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Limits and Derivatives

  1. Aug 27, 2006 #1
    So we are learning about limits right now and I can't do my homework because I don't understand. Is there anyone who can explain to me how you do things such as estimate the value of ..., explain why a quantity does or does not exist and how you go about using a graph to get all your answers.


  2. jcsd
  3. Aug 27, 2006 #2
    I need more information to help you out. What specific problem are you having problems understanding? If you need a general explanation/definition of a limit, I suggest looking at your textbook, on Wikipedia, or asking a teacher.
  4. Aug 27, 2006 #3
    To estimate the value of a limit, let’s say lim f(x) as x->c you guess what f(x) gets really really close too as x gets closer to c. For example let’s say we want to estimate the limit of f(x) = (x^2-1)/(x-1) as x->1. Let’s first notice that f(x) is actually undefined at 1, since the denominator would be 0. But we can still talk about what happens as we get close, so let’s pick some trial numbers that progressively get closer to 1. how about 2,1.5,1.1, 1.01, and 1.0001.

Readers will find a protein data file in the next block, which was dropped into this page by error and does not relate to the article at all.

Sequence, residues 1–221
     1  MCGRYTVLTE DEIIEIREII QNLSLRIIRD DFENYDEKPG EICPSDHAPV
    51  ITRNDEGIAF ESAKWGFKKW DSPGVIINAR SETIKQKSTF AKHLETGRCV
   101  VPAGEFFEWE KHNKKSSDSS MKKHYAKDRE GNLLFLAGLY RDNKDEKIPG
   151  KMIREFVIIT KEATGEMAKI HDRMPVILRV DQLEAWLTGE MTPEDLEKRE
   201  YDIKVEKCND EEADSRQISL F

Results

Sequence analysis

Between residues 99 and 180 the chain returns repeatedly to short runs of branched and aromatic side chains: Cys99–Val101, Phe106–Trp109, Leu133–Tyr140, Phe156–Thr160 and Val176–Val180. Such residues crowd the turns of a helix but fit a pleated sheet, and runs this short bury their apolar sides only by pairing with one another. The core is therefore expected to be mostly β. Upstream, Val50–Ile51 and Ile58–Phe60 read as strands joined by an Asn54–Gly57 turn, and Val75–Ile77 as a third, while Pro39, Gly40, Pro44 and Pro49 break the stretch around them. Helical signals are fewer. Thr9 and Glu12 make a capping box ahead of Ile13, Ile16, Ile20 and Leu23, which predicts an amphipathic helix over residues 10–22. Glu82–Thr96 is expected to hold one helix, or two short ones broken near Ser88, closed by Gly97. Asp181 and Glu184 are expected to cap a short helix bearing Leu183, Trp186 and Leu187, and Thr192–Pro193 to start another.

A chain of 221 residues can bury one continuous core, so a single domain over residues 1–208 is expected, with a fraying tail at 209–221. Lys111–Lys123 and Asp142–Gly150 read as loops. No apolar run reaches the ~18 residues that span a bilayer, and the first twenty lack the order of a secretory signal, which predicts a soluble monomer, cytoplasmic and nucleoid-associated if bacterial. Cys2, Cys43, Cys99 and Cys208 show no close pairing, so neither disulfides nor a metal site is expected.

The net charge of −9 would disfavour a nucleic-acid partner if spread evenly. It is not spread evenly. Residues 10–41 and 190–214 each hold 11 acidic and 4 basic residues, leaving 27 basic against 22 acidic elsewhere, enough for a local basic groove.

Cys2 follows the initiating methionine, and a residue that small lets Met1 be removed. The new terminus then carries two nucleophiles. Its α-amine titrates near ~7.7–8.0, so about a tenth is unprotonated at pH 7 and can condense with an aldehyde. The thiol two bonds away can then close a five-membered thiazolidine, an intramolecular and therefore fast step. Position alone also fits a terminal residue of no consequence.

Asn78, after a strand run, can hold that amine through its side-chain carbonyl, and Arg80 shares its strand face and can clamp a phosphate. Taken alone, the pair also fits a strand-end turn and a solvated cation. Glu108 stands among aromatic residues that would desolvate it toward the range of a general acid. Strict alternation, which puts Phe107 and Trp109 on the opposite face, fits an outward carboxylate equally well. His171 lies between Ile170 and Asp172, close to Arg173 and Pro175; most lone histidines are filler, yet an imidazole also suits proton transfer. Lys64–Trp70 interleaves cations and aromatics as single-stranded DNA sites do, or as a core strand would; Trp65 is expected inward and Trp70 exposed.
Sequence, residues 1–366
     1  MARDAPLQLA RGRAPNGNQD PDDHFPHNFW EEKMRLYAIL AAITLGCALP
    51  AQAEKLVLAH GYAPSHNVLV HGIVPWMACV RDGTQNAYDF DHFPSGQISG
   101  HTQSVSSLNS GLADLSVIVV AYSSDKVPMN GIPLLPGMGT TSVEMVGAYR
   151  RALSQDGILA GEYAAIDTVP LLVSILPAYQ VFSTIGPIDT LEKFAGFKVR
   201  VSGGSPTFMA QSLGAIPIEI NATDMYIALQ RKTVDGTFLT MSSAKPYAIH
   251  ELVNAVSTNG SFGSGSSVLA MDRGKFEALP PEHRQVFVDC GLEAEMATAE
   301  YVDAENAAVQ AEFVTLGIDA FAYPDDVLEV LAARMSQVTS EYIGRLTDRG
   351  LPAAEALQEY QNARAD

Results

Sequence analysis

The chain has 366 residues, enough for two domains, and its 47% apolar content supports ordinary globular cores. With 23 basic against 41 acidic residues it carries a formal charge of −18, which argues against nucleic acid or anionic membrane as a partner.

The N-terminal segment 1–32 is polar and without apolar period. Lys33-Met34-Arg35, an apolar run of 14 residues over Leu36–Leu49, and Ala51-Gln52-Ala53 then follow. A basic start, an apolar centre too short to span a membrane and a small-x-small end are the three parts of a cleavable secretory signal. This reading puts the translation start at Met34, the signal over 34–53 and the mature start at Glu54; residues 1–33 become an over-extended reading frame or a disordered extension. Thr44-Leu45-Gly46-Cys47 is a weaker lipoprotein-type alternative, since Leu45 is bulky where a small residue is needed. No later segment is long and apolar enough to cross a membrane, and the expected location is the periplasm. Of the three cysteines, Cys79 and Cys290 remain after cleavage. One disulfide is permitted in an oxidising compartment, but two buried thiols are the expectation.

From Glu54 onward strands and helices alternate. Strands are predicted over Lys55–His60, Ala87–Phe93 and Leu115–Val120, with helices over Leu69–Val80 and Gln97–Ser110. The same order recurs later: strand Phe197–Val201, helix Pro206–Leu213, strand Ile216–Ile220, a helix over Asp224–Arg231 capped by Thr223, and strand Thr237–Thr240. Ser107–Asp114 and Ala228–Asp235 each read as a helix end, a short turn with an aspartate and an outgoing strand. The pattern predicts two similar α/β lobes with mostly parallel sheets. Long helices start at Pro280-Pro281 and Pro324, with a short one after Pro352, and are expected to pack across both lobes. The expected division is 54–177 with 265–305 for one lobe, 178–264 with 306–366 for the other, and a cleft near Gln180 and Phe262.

f(2) = 3
    f(1.5) = 2.5
    f(1.1) = 2.1
    f(1.01) = 2.01
    f(1.0001) = 2.0001

    It seems as x gets closer to 1, f(x) gets closer to 2. If we do the same thing from the other side (x values less than 1) it will get close to 2 also. So a good estimation of our limit would be 2. But notice this is by no means an exact or even good process, soon you will learn a formal way to tell exactly what limits are equal too.

    For your next question. When does a limit exist? Since I don’t think you have the formal definition of a limit yet I’ll give you an intuitive one. The limit of f(x) as x-> c exist if as x gets arbitrarily close to c then f(x) gets arbitrarily close to some unique value. So let’s take f(x) = 1/x as x-> 0. This limit doesn’t exist because f(x) at 0 doesn’t get close to a value let alone a unique value. In this case we say f(x) diverges at c. Let’s consider another case f(x) = x+1 if x =< 2, x^2 if x > 2. Lim f(x) as x->2 doesn’t exist. Because x+1 gets close to 3, and x^2 gets close to 4. So as x gets close to 2, f(x) doesn’t approach a single value, it approaches 2.
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